Lisa Moore Interim, Director 2505 University Avenue, A4900, Burdine Hall 536, Austin Texas 78712 • 512-471-5765
Barbara Jones - New Faculty Colloquium
Fri, April 7, 2006 • 12:00 PM - 1:00 PM • GEB 3.312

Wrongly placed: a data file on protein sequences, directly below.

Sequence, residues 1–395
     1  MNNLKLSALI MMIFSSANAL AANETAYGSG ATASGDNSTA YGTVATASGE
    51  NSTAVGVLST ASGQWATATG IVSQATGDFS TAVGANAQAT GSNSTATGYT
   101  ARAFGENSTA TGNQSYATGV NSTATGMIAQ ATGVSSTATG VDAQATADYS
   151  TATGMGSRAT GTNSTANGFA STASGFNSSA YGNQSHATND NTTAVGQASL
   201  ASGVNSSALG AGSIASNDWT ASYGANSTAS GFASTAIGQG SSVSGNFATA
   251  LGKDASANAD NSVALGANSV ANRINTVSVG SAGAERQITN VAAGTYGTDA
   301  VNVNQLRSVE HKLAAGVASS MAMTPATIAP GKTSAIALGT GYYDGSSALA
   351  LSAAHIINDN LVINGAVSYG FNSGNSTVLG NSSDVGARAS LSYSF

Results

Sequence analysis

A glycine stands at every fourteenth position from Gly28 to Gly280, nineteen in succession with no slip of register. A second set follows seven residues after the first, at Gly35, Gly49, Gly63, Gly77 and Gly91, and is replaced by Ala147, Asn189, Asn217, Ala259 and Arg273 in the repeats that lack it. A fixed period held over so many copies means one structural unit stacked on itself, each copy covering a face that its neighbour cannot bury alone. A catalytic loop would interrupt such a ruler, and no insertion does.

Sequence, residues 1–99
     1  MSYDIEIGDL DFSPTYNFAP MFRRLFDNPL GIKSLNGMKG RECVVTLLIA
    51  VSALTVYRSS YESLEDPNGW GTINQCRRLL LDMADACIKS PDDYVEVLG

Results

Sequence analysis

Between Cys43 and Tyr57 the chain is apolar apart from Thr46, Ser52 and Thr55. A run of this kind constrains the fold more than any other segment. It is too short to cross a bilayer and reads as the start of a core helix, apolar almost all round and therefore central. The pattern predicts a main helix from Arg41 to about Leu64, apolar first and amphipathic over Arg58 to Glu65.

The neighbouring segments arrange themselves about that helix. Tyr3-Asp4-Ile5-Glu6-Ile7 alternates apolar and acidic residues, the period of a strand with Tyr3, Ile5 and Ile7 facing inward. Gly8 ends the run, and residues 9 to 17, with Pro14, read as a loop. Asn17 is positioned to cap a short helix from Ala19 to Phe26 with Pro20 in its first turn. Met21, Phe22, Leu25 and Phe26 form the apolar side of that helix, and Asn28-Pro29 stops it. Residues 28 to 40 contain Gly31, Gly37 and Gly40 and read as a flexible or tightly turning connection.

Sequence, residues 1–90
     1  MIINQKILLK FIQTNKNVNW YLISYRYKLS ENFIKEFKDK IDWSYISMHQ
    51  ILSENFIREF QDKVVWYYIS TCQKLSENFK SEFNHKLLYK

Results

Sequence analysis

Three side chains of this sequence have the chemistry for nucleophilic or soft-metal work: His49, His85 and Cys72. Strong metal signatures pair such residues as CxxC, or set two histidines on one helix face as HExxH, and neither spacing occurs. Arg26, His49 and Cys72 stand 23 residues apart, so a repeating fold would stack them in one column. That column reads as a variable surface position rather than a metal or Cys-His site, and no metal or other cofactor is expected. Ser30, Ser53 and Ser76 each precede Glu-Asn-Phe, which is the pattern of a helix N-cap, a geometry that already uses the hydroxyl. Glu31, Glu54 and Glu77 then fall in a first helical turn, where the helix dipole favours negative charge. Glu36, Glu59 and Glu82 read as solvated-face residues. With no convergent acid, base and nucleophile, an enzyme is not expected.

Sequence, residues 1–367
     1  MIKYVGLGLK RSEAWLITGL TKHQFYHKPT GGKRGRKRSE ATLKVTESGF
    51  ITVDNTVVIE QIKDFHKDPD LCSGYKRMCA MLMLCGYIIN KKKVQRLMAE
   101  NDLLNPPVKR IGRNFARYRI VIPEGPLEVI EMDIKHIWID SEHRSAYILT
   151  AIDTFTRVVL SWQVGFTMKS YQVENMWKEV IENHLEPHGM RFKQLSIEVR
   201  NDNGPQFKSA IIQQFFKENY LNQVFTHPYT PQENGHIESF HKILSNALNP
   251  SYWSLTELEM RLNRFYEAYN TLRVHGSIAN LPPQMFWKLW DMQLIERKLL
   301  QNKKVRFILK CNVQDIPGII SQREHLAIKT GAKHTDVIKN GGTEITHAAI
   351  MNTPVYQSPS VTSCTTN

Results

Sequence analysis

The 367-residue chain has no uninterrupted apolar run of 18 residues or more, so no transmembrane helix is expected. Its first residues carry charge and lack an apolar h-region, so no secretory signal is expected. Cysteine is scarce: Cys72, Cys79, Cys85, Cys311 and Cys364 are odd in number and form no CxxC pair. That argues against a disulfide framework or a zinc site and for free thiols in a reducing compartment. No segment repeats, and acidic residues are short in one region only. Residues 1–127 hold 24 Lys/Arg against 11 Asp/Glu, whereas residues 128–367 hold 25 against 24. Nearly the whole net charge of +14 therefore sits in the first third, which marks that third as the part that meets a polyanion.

When a child is dying, the physical, psychosocial and spiritual needs for the child and family are immense. Children and families experience a devastating life event with immediate and long term impact on quality of life, activities of daily living, family dynamics, self identity, parental role, and sense of meaning in the world. Consequently, palliative care for children is qualitatively different than care for adults due to the developmental status of children, the untimely loss of human potential, the central role of the family in decision-making and caregiving, complicated issues of pain and symptom management, and the legal and ethical status of children. Pediatric oncology social workers are often intimately involved with addressing the psychosocial needs of dying children and their families. This mixed-methodology study of 131 pediatric oncology social workers presents the previously unheard voices of social workers as they describe their perspective of the needs of children with cancer and their families at the end of life.